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uni'wissen 02-2013_ENG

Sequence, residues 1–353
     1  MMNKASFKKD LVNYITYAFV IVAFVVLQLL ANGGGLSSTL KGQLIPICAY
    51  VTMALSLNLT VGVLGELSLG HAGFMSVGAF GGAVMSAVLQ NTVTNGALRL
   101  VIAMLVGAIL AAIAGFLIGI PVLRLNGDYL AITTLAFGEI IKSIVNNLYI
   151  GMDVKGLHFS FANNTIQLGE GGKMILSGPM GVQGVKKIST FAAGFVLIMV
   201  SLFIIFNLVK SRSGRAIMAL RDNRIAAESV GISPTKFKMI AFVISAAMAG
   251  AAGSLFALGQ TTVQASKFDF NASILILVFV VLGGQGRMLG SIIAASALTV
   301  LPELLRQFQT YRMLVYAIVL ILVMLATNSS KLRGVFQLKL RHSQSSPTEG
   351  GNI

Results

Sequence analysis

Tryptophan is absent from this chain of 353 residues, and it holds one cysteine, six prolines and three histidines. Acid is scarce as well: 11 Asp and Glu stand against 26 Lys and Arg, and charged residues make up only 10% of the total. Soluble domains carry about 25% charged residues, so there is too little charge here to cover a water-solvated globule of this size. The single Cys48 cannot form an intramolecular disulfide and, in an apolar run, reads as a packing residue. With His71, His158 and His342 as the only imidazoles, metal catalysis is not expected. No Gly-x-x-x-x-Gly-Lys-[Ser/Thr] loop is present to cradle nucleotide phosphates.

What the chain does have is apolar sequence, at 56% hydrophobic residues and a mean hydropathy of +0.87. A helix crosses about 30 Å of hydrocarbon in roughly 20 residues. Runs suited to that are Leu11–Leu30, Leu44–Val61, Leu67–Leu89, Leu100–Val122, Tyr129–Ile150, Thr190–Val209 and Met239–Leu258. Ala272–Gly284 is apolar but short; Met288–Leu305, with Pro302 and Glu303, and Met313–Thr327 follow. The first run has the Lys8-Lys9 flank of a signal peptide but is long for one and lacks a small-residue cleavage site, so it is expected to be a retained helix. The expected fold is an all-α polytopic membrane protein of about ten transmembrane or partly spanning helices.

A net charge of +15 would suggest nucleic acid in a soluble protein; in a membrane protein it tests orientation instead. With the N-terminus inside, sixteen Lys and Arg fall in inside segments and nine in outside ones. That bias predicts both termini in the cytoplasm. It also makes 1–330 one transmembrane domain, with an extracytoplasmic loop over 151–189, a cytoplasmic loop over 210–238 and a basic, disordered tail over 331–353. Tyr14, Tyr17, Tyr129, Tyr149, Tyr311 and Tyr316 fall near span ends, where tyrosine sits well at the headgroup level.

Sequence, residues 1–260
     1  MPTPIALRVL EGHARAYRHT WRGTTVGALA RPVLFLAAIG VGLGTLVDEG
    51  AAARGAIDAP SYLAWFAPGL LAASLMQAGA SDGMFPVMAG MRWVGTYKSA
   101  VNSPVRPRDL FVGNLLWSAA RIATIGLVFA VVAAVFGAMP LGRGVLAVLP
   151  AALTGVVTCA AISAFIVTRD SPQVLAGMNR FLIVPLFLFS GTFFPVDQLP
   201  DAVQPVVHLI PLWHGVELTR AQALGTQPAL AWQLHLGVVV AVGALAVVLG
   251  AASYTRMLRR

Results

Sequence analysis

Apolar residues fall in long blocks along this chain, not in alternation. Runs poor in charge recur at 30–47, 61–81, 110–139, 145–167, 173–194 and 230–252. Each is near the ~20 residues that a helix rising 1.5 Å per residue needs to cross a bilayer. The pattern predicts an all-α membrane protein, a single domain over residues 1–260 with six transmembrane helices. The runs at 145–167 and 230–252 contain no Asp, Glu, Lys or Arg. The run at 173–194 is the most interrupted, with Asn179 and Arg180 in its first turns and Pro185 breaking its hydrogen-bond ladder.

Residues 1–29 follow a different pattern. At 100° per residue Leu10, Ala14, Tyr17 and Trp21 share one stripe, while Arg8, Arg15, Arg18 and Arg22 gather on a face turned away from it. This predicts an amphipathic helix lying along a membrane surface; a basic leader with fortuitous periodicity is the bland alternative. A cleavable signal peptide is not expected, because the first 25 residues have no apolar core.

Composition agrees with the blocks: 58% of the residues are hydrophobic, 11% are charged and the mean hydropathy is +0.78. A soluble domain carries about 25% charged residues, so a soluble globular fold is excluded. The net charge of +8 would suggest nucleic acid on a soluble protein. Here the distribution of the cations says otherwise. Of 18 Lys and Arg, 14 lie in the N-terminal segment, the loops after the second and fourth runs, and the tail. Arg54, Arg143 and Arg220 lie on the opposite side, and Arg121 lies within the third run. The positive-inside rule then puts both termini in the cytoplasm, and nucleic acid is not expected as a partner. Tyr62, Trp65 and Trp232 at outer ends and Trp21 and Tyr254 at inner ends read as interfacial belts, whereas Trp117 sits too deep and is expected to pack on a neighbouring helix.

Prof. Dr. Thomas Kenkmann has served as professor of general geology and struc- tural geology at the Univer- sity of Freiburg since 2010 and as assistant dean of the Faculty of Environment and Natural Resources since 2013. After studying geology and paleontology in Cologne, he earned his PhD at the Free University of Berlin in 1997 and com- pleted his habilitation in 2003. He then worked as a scientist and curator at the German Research Center for Geosciences in Pots- dam and later at the Mu- seum für Naturkunde in Berlin. From 2007 to 2010 he also served as director of the Center for Ries Cra- ter and Impact Research in Nördlingen. Since 2009 he has headed the research group “Multidisciplinary Experimental and Modeling Impact Research Network,” funded by the German Research Foundation. In addition to meteorite cra- ters, his research interests include rockslides and slower deformations of the Earth’s crust. Photo: Thomas Kunz Further Reading Kenkmann, T./Deutsch, A./Thoma, K./Poelchau, M. H. (2013): The MEMIN research unit: Experimental impact cratering. In: Meteoritics & Planetary Science 48/1 (MEMIN special issue), pp. 1–2. doi: 10.1111/maps.12035 Kenkmann, T./Wünnemann, K./Deutsch, A./ Poelchau, M. H./Schäfer, F./Thoma, K. (2011): Impact cratering in sandstone: The MEMIN pilot study on the effect of pore water. In: Meteoritics & Planetary Science 46/6, pp. 890–902. Poelchau, M. H./Kenkmann, T./Thoma, K./ Hoerth, T./Dufresne, A./Schäfer, F. (2013): The MEMIN research unit: Scaling impact cratering experiments in porous sandstones. In: Meteorit- ics & Planetary Science 48/1 (MEMIN special issue), pp. 8–22. doi: 10.1111/maps.12016 Prof. Dr. Thomas Kenkmann also simulates meteorite impact events in his lab at the University of Freiburg. Visit our research portal for a video clip and an article on the research facility: A contraption made of floral foam and Vaseline catches the tiny shards, drips, and fragments blasted out of the rock in the simulations of impact events. A look at the foam under the microscope reveals that more large fragments are caught when there is a lot of water in the rock (below). When the rock is dry, the fragments are smaller and all of roughly the same size. Photos: MEMIN will be to study the first nanoseconds following impact, in which an enormous amount of heat is generated and plasma is formed. Moreover, the researchers want to try out other rocks, like mar- ble and gneiss. Protection from Meteorites Can the findings help to protect the Earth from meteorite impacts? Like many other scientists, Kenkmann was surprised when a meteorite en- tered the Earth’s atmosphere over Russia on 15 February 2013. Luckily it broke up into thousands of tiny fragments, slowed down by the atmo- sphere. There was thus no impact crater. The 1500 injuries it caused were due to the atmo- spheric shock wave created by the meteorite. “Had the rock been only a little bit larger than 15 meters, it would have caused a crater,” explains Kenkmann. The city of Chelyabinsk would likely have been completely destroyed. The MEMIN project makes precise calculations like this pos- sible and shows how dangers can be averted: “According to the principle of billiard balls colliding with one another, projectiles can be used to divert celestial objects on a collision course with Earth from their course. The experiments conducted within the context of MEMIN have also yielded ini- tial findings concerning this mechanism,” says Dr. Frank Schäfer from the Ernst Mach Institute. The experiments help the scientists to under- stand the history of meteorite impacts on the Earth. One of the largest craters on Earth, with a diameter of 200 kilometers, is the Chicxulub cra- ter in Mexico. The meteorite that created it 65 mil- lion years ago triggered global mass extinctions, including dinosaurs. Like at the Nördlinger Ries, scientists have only succeeded in reconstructing the impact event in Chicxulub by analyzing rocks found at the site and making calculations, be- cause it is no longer possible to discern the origi- nal form of the crater itself due to erosion. There are 184 known impact craters on the Earth’s surface, and new ones are being discov- ered every year – also by geologists at the Uni- versity of Freiburg. “We’re something of a global impact crater taskforce,” says Kenkmann. When a meteorite hit the ground near Lake Titicaca in South America on 15 September 2007, the re- searcher flew there with his team to measure the crater and take samples. “You could say it has be- come a passion.” Kenkmann would love to experi- ence a real meteorite impact sometime – from a safe distance and in an uninhabited area. Until then, he’ll have to make do with shooting stars. 7